This profile is part of a series of stories that examines the persistence of the racial wealth gap in America, which has dramatically increased in recent decades, and its relationship to income inequality.
Growing up on a farm in Murfreesboro, North Carolina, Jay Pearson knew he wanted to do something different with his life. His grandfather was a tenant farmer, and he had come from a long line of farmers before that.
For the first 11 years of his life, Pearson and his family lived in his grandfather’s tenant farm house. After that, they moved into a trailer park. His family never had any savings.
“In terms of wealth and income, I grew up in abject poverty,” says Pearson. “I’m the first person in my direct line who’s been building wealth that can hopefully be transferred to the next generation.”
In his role now as an associate professor at Duke University’s Sanford School of Public Policy, Pearson hopes to speak for his family and for others who have not been able to finish college or go on to be a professor.
Even though Pearson has achieved much in his field, he says his success has never been just about him. “It’s not just understood but expected that you expend that good fortune to everyone else,” he said. “So if my family finds themselves in difficult times, I step in and support everyone else until they get on their feet again.”
“I’m the first person in my direct line who’s been building wealth that can hopefully be transferred to the next generation.”
This last year, this held especially true. Pearson’s sister lost her job before the COVID-19 pandemic and has struggled to find work. His brother and brother-in-law, both truck drivers, saw their work slow down during the pandemic, though they are working steadily now.
“I will stand by them until the end of time,” says Pearson. “But the reality is I have an obligation to my parents, my siblings, and my nieces and nephews.”
Just like when they were growing up, Pearson’s siblings do not currently have any savings.
“Not to be sarcastic, but I don’t know anyone without dreams,” says Pearson. “They certainly all had dreams. What it takes to overcome impediments associated with those is just too difficult.
“I really don’t know if my family is happy with their professional stations,” he continues. “They are, however, heavily invested in the units of social well-being and do a good job taking care of each other in that regard.”
Pearson is the first person in his family to attend college. He attended North Carolina Central University, an historically Black university in Durham. In fact, his Air Force/ROTC scholarship would have also allowed him to attend the University of North Carolina at Chapel Hill — a school he strongly considered attending — but he made a conscious decision to attend an HBCU, hoping it would feel more familiar.
It turned out, however, that the scholarship Pearson received meant he had to spend a considerable time taking classes at Duke University, where he would later become a professor. Eventually, he lost the scholarship due because his grades fell below the cutoff. He also had become concerned about the U.S. military role in Central America in the 1980s, and those views were not popular in the ROTC.
“After I lost the scholarship, I didn’t have any way to pay for college,” says Pearson. He spent the following summer working in a chicken factory in his hometown to be able to pay for just part of the next semester by saving $700. He got a smaller scholarship and took out a total of $34,000 in loans for undergrad and graduate school. He has since paid them off.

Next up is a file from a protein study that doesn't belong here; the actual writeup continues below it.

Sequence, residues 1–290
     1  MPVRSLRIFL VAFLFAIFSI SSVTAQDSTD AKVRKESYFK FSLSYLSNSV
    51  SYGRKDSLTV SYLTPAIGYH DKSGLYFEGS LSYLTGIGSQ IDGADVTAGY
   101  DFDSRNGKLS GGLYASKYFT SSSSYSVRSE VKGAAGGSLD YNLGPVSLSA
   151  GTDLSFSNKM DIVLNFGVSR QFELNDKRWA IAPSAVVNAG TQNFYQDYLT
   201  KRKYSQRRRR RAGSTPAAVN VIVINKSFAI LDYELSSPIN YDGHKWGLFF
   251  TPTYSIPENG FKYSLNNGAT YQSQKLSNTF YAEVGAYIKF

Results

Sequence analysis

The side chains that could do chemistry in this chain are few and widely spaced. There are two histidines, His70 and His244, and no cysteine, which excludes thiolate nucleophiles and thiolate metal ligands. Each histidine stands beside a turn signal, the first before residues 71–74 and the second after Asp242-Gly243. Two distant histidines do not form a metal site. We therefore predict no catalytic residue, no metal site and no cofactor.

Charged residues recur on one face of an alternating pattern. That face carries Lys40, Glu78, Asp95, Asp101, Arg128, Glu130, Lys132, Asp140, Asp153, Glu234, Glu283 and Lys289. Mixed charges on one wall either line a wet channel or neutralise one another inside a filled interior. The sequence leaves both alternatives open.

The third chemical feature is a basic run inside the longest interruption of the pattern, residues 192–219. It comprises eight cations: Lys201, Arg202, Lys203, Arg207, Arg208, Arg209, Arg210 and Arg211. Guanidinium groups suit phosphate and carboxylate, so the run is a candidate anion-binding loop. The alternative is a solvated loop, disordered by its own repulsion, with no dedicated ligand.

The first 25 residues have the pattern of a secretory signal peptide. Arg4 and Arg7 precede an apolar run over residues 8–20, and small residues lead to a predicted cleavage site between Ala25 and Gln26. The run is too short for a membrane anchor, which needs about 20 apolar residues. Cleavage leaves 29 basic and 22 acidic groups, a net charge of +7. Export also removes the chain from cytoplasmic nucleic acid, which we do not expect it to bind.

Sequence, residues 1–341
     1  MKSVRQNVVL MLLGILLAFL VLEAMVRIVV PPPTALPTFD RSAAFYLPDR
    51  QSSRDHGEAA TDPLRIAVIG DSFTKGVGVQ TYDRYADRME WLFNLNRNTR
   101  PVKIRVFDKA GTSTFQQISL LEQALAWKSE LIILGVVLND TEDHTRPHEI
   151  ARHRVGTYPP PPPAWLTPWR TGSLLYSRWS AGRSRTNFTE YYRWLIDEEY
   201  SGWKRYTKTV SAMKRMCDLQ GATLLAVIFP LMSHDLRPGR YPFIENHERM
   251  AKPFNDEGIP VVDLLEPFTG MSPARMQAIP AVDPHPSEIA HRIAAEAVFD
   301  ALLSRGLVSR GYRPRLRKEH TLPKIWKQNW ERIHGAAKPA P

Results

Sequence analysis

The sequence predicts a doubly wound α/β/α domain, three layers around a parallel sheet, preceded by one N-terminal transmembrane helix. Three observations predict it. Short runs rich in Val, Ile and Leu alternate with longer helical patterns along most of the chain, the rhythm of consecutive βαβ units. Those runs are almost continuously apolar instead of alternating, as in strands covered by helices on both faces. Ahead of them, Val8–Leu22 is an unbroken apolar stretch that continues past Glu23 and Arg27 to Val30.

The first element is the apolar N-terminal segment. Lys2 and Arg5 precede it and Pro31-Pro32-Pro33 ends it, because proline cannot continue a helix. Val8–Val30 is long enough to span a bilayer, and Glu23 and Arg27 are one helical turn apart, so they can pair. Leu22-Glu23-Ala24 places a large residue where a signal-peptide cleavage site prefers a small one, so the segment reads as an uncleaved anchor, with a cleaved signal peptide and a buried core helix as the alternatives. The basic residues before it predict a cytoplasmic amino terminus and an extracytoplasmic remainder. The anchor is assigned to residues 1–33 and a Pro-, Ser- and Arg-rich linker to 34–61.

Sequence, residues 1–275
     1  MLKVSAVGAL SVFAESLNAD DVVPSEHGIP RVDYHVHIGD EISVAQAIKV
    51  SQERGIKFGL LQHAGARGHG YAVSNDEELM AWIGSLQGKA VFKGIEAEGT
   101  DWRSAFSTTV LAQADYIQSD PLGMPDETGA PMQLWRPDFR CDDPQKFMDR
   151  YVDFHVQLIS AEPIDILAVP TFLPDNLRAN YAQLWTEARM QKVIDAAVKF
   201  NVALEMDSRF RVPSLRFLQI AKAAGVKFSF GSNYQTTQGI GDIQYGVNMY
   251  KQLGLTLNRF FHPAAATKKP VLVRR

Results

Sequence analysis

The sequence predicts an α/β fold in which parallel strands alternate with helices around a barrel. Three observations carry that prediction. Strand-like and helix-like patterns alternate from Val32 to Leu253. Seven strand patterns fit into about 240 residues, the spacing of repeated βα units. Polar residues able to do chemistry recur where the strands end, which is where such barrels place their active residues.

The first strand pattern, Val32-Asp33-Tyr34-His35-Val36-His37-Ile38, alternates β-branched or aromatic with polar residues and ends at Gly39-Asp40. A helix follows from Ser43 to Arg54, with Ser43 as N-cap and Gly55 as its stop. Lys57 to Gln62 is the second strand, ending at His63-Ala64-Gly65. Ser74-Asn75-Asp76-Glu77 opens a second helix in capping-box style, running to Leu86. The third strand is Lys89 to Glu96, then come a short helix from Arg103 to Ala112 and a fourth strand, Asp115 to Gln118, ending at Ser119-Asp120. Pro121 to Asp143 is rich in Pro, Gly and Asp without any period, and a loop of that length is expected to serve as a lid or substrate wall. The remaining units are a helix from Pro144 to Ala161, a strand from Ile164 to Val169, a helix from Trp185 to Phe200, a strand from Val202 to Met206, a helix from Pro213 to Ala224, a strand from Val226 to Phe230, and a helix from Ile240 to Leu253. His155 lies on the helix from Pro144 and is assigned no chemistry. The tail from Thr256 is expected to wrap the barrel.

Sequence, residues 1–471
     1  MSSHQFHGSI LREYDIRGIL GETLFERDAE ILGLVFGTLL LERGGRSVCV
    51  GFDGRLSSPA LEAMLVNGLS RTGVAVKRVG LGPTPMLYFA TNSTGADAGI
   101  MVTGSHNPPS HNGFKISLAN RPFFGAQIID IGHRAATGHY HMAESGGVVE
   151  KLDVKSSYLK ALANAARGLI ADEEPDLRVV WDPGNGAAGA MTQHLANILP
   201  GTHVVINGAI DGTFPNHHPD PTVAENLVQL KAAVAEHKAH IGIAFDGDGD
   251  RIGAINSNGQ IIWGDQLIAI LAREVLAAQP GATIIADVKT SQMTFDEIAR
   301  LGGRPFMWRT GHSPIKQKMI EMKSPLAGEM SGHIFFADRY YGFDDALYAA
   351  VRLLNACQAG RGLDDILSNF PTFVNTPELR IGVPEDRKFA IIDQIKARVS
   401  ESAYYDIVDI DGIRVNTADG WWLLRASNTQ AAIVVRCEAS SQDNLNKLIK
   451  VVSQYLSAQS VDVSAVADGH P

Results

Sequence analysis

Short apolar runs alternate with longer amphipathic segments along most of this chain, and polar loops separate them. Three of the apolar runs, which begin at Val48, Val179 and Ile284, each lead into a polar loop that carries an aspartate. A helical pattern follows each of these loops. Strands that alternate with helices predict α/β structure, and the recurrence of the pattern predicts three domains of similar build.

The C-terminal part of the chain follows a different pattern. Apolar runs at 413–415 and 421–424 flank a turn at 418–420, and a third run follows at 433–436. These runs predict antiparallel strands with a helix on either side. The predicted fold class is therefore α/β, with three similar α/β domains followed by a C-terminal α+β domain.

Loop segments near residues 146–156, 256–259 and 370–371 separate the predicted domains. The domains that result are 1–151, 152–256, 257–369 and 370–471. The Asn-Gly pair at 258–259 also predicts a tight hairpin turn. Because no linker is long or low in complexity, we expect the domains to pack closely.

“I lived very sparsely,” he says. “It was a struggle to have enough money to eat or wash my clothes. There were many times I didn’t know where my next meal would come from or how I was going to pay tuition next semester.”
“I happen to be one of those rare folks who grew up in abject poverty as a person of color and go on to get a formal education. I lived it, I learned it, and now I investigate it.”
Formerly working toward a degree in computer science and engineering, Pearson changed to a community health and education major around this time. After a stint in the Peace Corps in Honduras, he returned to the U.S. and began working in migrant farmer health. After completing a master’s degree in public health at the University of North Carolina, he got a Ph.D. at the University of Michigan and, after a pair of post-docs, ended up at Duke, where his area of expertise is how race, immigration, and socioeconomic factors affect public health.
“It’s my life,” Pearson said. “It’s what I’ve lived. In the academy, we get rewarded for having a particular study area. To be able to do that, for most of us, we have a course of formal educational training. Very few people have gained expertise as a function of experience. I happen to be one of those rare folks who grew up in abject poverty as a person of color and go on to get a formal education. I lived it, I learned it, and now I investigate it.”
It’s a lonely position. Pearson keeps in touch with few people from his hometown besides his family and a handful of close friends, and none of them understand what it’s like to be a professor.
His colleagues, on the other hand, largely grew up with economic and/or racial privilege.
“There are very few people here who come from what I come from, and back in my hometown, none of them have gone on to be a tenured professor at Duke or anywhere else for that matter,” said Pearson.
He wants to encourage his students and colleagues to talk about race, even if it hurts. And it will hurt, he insists.
“It is not possible to engage in dialogue about race in the United States of America without it being painful,” he said. “We all get implicated at some point as victims or perpetrators. Now the distribution varies depending on what you look like and how society perceives you.”
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